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Antonio Bassanio beautiful bees birds black crows bobolink bosom bright brook Bryant called cells child clouds dark dear death Dora earth England eyes fall father feel feet flowers give grave green Guthrum hand hath hear heart heaven hive Iago James Fennimore Cooper King King Arthur lady land Lavaine learned leaves liberty light lived Longfellow look ment mind Minnesingers mother mountain N. P. Willis nature never night o'er Paganini Paul Denton poems poet Portia rest Ring river rock round Shylock side sing sleep smile snow song sorrow soul spider Squire story stream sweet tears thee things Thomas Moore thou thought thread tree violin voice Washington Irving watch wild William William Cullen Bryant wind wings wonderful word young
Page 235 - It is not growing like a tree In bulk, doth make Man better be ; Or standing long an oak, three hundred year, To fall a log at last, dry, bald, and sere : A lily of a day Is fairer far in May, Although it fall and die that night — It was the plant and flower of Light. In small proportions we just beauties see ; And in short measures life may perfect be.
Page 75 - I WANDERED lonely as a cloud That floats on high o'er vales and hills, When all at once I saw a crowd, A host of golden daffodils, Beside the lake, beneath the trees, Fluttering and dancing in the breeze. Continuous as the stars that shine And twinkle on the Milky Way, They stretched in never-ending line Along the margin of a bay: Ten thousand saw I at a glance, Tossing their heads in sprightly dance.
Page 176 - Liberty first and Union afterwards ; but everywhere, spread all over in characters of living light, blazing on all its ample folds, as they float over the sea and over the land, and in every wind under the whole heavens, that other sentiment, dear to every true American heart, Liberty and Union, Now and Forever, One and Inseparable.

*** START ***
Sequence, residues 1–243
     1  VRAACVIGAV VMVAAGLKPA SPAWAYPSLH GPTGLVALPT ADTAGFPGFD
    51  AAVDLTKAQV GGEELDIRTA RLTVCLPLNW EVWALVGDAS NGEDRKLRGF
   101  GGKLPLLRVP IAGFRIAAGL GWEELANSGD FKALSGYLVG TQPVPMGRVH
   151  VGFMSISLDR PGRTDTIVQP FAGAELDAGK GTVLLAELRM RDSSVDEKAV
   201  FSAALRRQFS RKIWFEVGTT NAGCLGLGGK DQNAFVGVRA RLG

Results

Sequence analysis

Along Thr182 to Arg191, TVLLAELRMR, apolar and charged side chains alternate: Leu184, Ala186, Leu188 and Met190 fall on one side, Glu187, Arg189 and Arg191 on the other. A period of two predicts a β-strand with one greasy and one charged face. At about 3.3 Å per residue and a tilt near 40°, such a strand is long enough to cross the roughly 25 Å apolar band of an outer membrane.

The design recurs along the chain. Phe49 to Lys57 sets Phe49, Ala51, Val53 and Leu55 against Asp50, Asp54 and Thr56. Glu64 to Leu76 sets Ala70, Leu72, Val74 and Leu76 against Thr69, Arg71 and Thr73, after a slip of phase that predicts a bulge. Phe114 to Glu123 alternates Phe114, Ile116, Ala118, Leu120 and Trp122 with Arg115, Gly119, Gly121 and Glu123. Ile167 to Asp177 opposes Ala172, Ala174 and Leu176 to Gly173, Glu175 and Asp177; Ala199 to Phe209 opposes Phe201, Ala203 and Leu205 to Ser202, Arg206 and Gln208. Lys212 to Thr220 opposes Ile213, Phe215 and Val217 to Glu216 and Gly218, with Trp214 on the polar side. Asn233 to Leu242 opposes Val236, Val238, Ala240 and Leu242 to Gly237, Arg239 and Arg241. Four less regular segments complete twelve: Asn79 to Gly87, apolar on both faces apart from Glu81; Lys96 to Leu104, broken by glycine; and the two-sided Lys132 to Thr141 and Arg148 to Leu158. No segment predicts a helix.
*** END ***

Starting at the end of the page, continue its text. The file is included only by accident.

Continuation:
Page 266 - THE EPITAPH. Here rests his head upon the lap of Earth A youth to Fortune and to Fame unknown ; Fair Science frowned not on his humble birth, And Melancholy marked him for her own. Large was his bounty, and his soul sincere, Heaven did a recompense as largely send ; He gave to Misery all he had, a tear, He gained from Heaven ('t was all he wished) a friend.
Page 139 - And what have we to oppose to them ? Shall we try argument? Sir, we have been trying that for the last ten years. Have we anything new to offer upon the subject? Nothing. We have held the subject up in every light of which it is capable ; but it has been all in vain.
Page 265 - E'en from the tomb the voice of Nature cries, E'en in our ashes live their wonted fires. For thee, who, mindful of the unhonored dead, Dost in these lines their artless tale relate; If chance, by lonely Contemplation led, Some kindred spirit shall inquire thy fate...
Page 266 - OF all the thoughts of God that are Borne inward unto souls afar, Along the Psalmist's music deep, Now tell me if that any is, For gift or grace, surpassing this — ' He giveth His beloved sleep ' ? What would we give to our beloved?
Page 436 - The crow doth sing as sweetly as the lark When neither is attended, and I think The nightingale, if she should sing by day, When every goose is cackling, would be thought No better a musician than the wren.
Page 415 - Signior Antonio, many a time and oft, In the Rialto you have rated me, About my moneys, and my usances : Still have I borne it with a patient shrug : For sufferance is the badge of all our tribe...
Page 117 - All day thy wings have fanned, At that far height, the cold thin atmosphere, Yet stoop not, weary, to the welcome land, Though the dark night is near. And soon that toil shall end; Soon shalt thou find a summer home, and rest, And scream among thy fellows ; reeds shall bend, Soon, o'er thy sheltered nest.